Whitebox switches make use of generic and generally inexpensive hardware along with a network operating system that can be purchased and installed separately. Often the hardware and software come from different vendors, and there are several reasons this practice is becoming more common especially in the data center. What I’m interested in lately is how this is relevant to the non-webscale enterprise.
SD-WAN as a Service is coming to the marketplace as something to be be consumed, not owned. IT decision makers just want an ethernet handoff, and a managed WAN is already a common professional service, so for the typical IT manager, the case for SD-WAN as a Service is ease of use and cost savings. Very little else.
Check out the first Network Collective video podcast, Top 10 Ways to Break Your Network, in which experienced network engineers share their most memorable blunders and the lessons learned from them.
Here’s the website: http://thenetworkcollective.com/
The header image was used with permission from Michael Nelson who was one of the Twitter participants during the first show. Check out his site here.
If you haven’t heard, the networking community is awesome. I’ve made some great friends, developed strong new relationships, and I’ve had the incredible luxury to bounce ideas off some seriously talented people. However, whether it’s through various Slack groups, Google hangouts, or private email chains, it’s all been relatively private. Not much makes its way onto Twitter, and not as much as I’d like makes it into blog posts.
No Networking Field Day would be complete without a presentation from an SD-WAN vendor. The technology is now established and maturing into a ubiquitous WAN solution across small and large enterprises alike, so at the upcoming Networking Field Day 15, I’ll be focused on how TELoIP, one of the presenters at the event, differentiates itself from its competitors.
IP Infusion has been around for a while, but the conversation in the industry about white box networking is bringing what IP Infusion does to the main stage. They’ll be presenting at Networking Field Day 15, and I’m looking forward to hearing how they’re progressing in this space.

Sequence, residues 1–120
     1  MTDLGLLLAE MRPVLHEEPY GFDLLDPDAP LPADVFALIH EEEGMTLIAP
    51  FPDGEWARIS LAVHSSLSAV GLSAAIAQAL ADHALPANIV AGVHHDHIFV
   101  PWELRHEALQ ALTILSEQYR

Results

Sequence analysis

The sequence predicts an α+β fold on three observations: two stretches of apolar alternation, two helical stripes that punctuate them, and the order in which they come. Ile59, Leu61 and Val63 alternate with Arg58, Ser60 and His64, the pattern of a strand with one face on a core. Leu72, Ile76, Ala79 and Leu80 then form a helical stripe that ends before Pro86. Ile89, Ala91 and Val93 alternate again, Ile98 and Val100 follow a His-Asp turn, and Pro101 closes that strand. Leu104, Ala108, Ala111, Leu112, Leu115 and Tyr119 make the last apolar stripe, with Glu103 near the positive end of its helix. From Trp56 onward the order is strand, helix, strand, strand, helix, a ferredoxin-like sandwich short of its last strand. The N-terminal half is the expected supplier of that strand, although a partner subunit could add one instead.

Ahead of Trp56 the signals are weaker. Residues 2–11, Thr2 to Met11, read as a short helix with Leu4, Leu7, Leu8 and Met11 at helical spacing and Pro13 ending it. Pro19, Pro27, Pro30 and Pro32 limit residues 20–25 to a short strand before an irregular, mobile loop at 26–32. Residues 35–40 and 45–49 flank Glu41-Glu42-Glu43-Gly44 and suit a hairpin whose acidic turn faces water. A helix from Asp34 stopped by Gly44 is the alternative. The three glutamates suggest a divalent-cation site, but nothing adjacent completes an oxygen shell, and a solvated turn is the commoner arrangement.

Sometimes political, financial, or logistical hurdles determine how we solve networking problems. In these tricky situations we may not be able to solve the problem the way we’d prefer, but we still need to solve the problem.
In this post I’m going to look at how we can solve a WAN failover scenario when we have a default route learned from both of our service providers and a reachability problem via our primary ISP.
I’ve been thinking a little bit about the Amazon S3 incident. Not really the incident, actually, but the responses to it. More than once I read something along the lines of “I’m sure that guy got fired” with regard to the engineer who entered the fatal command.
Sure, that’s kind of funny for a quick tweet or in the greater context of a blog post on change control, but for me, I’m not sitting at my desk shaking my head right now. Instead, I’m reminded about the times I did the exact same thing (on a much smaller scale) and will probably do it again.
About a thousand years ago, rather than configure routers, I taught high school English.
One day, instead of unpacking our favorite Shakespearean sonnet, I was sidetracked by a student who asked me how we know anything about electrons and how they orbit the nucleus of an atom. Apparently he asked his physics teacher the period before and got a pithy “electrons are the essence of a negativity.”